Pakistan Kicked Me Out. Others Were Less Lucky.

By Nicholas Schmidle
Sunday, February 3, 2008

T he police came for me on a cold, rainy Tuesday night last month. They stood in front of my home in Islamabad, four men with hoods pulled over their heads in the driving rain. The senior officer, a tall, clean-shaven man, and I recognized one another from recent protests and demonstrations. Awkwardly, almost apologetically, he handed me a notice ordering my immediate expulsion from Pakistan. Rain spilled off a nearby awning and fell loudly into puddles.

I asked, somewhat obtusely, what this meant. "I am here to take you to the airport," the officer shrugged. "Tonight."

The document he'd given me provided no explanation for my expulsion, but I immediately felt that there was some connection to the travels and reporting I had done for a story published two days earlier in the New York Times Magazine, about a dangerous new generation of Taliban in Pakistan. I had spent several months traveling throughout the troubled areas along the border with Afghanistan, including Quetta (in Baluchistan province) and Dera Ismail Khan, Peshawar and Swat (all in the North-West Frontier Province). My visa listed no travel restrictions, and less than a week earlier, President Pervez Musharraf had sat before a roomful of foreign journalists in Islamabad and told them that they could go anywhere they wanted in Pakistan.

The truth, however, is that foreign journalists are barred from almost half the country; in most cases, their visas are restricted to three cities -- Islamabad, Lahore and Karachi. In Baluchistan province, which covers 44 percent of Pakistan and where ethnic nationalists are fighting a low-level insurgency, the government requires prior notification and approval if you want to travel anywhere outside the capital of Quetta. Such permission is rarely given. And the Federally Administered Tribal Areas (FATA), where the pro-Taliban militants are strong, are completely off-limits. Musharraf's government says that journalists are kept out for their own security. But meanwhile, two conflicts go unreported in one of the world's most vital -- and misunderstood -- countries.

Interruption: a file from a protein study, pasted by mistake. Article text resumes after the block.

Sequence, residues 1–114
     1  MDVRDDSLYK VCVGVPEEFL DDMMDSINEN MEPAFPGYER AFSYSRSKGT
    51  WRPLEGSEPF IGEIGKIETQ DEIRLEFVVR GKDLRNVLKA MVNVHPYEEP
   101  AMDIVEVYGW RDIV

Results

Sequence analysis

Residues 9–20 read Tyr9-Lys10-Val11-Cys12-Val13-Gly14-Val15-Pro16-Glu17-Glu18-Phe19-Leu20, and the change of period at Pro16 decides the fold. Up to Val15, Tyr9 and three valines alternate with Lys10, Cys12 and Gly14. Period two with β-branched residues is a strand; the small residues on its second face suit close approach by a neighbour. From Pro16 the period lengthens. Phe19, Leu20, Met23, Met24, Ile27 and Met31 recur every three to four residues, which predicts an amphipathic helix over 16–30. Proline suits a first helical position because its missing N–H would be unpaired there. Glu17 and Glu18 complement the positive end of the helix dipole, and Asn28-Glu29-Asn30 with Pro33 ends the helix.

There's no doubt that journalists in Pakistan, and throughout Central and South Asia, face great risks. Nine Central and South Asian journalists were among the 65 newsmen and women worldwide -- more than in any other year in the past decade, according to the Committee to Protect Journalists -- who lost their lives while doing their jobs last year. Five were Pakistanis. One died in FATA and one in the North-West Frontier Province, areas where the Taliban operate with increasing openness. Two others died in Taliban- or al-Qaeda-related violence, one during the Red Mosque siege last July and one in the terrorist attack on Benazir Bhutto's motorcade as she returned to Pakistan last Oct. 18, which left more than 140 dead.

Also in October, in the Kyrgyz city of Osh, a gunman using a silencer murdered Voice of America reporter Alisher Saipov, a good friend of mine and a fearless opponent of the regime in neighboring Uzbekistan. More recently, Taliban militants raided the exclusive and high-security Serena Hotel in Kabul, Afghanistan, one detonating himself in a suicide blast while the others combed the hallways, seeking and firing at targets; one Norwegian journalist died.